5. If someone wanted to understand you, what should they read, watch, and listen to?

Reading my blogs would probably be a good start.  Reading the Bible, especially Psalms and the Epistles,  might give some clues as to why I look at things as I do.

Another lovely graphic from Abby at Little Birdie Blessings
For what to watch ... hmmm... maybe Andy Griffith gives a good idea as to the era I grew up in.  Listening to ... maybe music of the 1950s.  And gospel songs and hymns, of course.  I really like some of the newer songs being written that are very scriptural; songs like I Run to Christ, His Robes for Mine, Christ is Sufficient; and many others.   At our church we try to learn a new song every month, and there are some really good ones being written these days.

6.  Insert your own random thought here. 

I'm preparing a post on our most recent little getaway.  This was a two-day trip to Bangor, Maine, for the Loggers' Expo (among other interesting things).  One of the fun highlights for me was getting to watch my hubby compete in the Loader Competition.  (The object is to move blocks of wood from one checkerboard to the other and to be sure they are placed squarely on the black squares.  Then one has to move them back.  It's a lot more difficult than it looks.  Penalties are assessed for knocking blocks over, not having them squarely in place, and so on.  Every penalty adds seconds to the competitor's final time.)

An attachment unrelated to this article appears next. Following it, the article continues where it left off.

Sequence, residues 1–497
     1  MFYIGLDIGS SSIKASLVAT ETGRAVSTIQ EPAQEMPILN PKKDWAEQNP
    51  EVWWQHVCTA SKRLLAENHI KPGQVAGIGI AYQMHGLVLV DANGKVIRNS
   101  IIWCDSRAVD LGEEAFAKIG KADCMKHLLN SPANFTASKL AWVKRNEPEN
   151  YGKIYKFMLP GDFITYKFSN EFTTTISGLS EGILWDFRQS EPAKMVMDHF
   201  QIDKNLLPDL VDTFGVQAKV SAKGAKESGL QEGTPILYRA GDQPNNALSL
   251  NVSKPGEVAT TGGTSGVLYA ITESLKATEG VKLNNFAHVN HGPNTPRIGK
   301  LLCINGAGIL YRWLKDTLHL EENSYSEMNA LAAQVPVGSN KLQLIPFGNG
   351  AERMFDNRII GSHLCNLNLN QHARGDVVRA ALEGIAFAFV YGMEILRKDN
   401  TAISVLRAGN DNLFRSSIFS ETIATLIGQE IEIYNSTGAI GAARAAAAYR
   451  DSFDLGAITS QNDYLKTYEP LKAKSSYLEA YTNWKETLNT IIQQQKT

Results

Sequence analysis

He's done this a few times before, but I had not been along on those trips.  Of course he didn't win, or even place very high, because he just did this for fun.  Some people, I hear, have checkerboards at home or work and actually practice for this contest.  Mr. T's "practice" is just what he does in the course of his everyday job.  I intended to add a video here, but the videos were too long. So I will just add a photo. He was the third one to compete and, for a few minutes, he was the top one because he did have a better time than either one of the other two.  It was fun while it lasted!